A week after Concordia College closed its doors, President Donald Trump announced Tuesday that Johnny C. Taylor Jr., the former head of the Thurgood Marshall College Fund, will become chairman of the President's Board of Advisers on Historically Black Colleges and Universities.
Taylor, who is now CEO of the Society for Human Resources Management, after seven years running the Marshall Fund, will work closely with Johnathan Holifield, who was appointed executive director of the President’s White House Initiative on HBCUs last year.
“Employers depend on our country’s education institutions as a reliable source for the talent they need. HBCUs are a critical conduit for this talent,” Taylor said at the White House announcement. “This president’s advisory board can be a nexus between those institutions and employers.”
Taylor left the Marshall College Fund late last year. The organization provides funding for publicly supported HBCUs, where more than 80 percent of all black college students are enrolled.
“I think that he is a good choice, because Johnny has worked hard in this space. He has influence and access with this administration to critical things,” said William Fisher, who runs the U.S. Education Department’s HBCU Capital Financing Program. “He has a big personality and rock star status. That will make his advocacy go a long way.”
Taylor’s appointment comes a year after Trump signed an executive order that created the board, and a year after the president promised to pump a half-billion dollars into HBCU programs.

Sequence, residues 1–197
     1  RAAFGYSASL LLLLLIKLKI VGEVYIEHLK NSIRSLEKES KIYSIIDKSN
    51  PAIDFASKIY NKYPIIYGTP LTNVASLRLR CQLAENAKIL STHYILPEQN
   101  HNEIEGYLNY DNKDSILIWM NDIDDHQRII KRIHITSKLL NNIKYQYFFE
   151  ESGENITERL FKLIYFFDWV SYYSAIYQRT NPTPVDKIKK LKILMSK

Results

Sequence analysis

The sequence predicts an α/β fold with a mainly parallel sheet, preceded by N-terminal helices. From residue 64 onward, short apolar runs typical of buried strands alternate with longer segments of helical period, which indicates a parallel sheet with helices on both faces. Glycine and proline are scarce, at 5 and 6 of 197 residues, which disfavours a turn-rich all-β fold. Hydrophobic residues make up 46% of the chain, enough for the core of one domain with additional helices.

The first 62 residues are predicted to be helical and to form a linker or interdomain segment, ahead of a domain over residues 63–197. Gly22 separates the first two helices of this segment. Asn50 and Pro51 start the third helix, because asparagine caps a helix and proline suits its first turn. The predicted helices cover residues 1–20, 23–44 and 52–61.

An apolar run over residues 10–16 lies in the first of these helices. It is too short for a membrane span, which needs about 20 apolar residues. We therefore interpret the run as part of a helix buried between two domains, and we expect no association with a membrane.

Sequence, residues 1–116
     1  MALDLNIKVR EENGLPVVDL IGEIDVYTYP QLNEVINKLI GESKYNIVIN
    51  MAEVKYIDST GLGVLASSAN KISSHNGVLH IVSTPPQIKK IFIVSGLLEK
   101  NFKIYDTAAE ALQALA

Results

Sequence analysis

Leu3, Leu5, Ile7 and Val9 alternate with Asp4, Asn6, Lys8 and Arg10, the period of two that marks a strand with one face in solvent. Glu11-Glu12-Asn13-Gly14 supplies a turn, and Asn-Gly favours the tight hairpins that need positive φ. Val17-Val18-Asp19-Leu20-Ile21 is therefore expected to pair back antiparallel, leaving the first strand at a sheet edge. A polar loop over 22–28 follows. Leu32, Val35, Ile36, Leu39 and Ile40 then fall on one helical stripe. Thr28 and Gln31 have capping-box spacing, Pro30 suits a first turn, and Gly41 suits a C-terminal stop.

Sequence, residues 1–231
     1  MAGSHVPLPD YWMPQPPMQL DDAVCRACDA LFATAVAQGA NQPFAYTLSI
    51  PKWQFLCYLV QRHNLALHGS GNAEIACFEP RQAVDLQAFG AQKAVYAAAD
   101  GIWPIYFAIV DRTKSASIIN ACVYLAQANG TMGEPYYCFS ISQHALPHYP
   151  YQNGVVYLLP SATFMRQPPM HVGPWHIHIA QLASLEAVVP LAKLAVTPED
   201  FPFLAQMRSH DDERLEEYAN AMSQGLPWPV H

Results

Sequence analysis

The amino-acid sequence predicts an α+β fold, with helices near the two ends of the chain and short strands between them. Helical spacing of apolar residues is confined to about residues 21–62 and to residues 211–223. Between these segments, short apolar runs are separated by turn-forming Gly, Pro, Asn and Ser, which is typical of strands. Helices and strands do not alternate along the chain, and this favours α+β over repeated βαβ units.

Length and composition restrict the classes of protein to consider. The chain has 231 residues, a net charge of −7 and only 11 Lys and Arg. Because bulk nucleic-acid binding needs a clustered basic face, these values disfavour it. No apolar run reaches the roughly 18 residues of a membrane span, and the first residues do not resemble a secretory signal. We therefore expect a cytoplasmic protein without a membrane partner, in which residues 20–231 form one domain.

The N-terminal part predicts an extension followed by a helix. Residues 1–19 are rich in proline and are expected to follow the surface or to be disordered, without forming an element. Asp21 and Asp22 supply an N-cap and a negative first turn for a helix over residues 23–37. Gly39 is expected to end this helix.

“We have made great strides in strengthening HBCUs, a cherished and vital institution in our country – very important,” Trump said.
»IN-DEPTH: Perilous times for black colleges
Last year, Trump met with several HBCU presidents in the Oval Office for what many alumni, students and educational observers said was little more than a photo opportunity for Trump.
This year, at the HBCU Fly-In, sponsored by congressional Republicans, college leaders instead met with some of America's top companies, like Google, Starbucks and Walmart. There was no visit to the Oval Office.
But Ronald A. Johnson, president of Clark Atlanta University, told the Associated Press that some progress has been made since last year, specifically with the restoration of Pell Grants, which provide crucial funding for students with financial need.
"A promise was made," Johnson said. “It took more than a minute to put together the actual plan, but at least summer Pell" — part of the year-round grants — "came out of that."
There are currently 101 black colleges listed with the Department of Education. That number is set to go down in May after Concordia College Alabama closes.
The 95-year-old Lutheran school was $8 million dollars in debt and down to 400 students.
In 2010, Concordia had more than 800 students, reflective of the more than 325,000 students nationwide, who were attending HBCUs — the highest number ever.
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But by 2015, enrollment had declined by 10 percent — compared to the 4 percent drop for all colleges during that period, federal data shows. Between 2010 and 2015, some 20 black colleges saw enrollment plummet by more than 25 percent; only 22 black colleges saw increases during that time.
“Johnny is certainly knowledgeable about HBCUs with his work at Thurgood Marshall for the last seven years,” said Charlie Nelms, a longtime HBCU president, administrator and now educational consultant. “He is familiar with the opportunities and challenges associated with HBCUs. Hopefully, he will be able to use that experience to work with HBCUs leaders to advance the cause and agenda of black colleges.”